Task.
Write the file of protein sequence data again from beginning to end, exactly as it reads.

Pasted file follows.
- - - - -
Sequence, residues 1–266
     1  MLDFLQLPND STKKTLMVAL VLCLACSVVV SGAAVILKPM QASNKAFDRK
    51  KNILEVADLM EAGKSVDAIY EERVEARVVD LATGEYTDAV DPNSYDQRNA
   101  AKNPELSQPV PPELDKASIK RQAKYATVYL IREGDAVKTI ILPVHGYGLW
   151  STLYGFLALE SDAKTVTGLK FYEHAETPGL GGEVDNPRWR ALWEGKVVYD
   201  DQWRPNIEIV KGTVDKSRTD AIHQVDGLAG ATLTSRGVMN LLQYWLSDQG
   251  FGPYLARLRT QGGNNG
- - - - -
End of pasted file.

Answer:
Sequence, residues 1–266
     1  MLDFLQLPND STKKTLMVAL VLCLACSVVV SGAAVILKPM QASNKAFDRK
    51  KNILEVADLM EAGKSVDAIY EERVEARVVD LATGEYTDAV DPNSYDQRNA
   101  AKNPELSQPV PPELDKASIK RQAKYATVYL IREGDAVKTI ILPVHGYGLW
   151  STLYGFLALE SDAKTVTGLK FYEHAETPGL GGEVDNPRWR ALWEGKVVYD
   201  DQWRPNIEIV KGTVDKSRTD AIHQVDGLAG ATLTSRGVMN LLQYWLSDQG
   251  FGPYLARLRT QGGNNG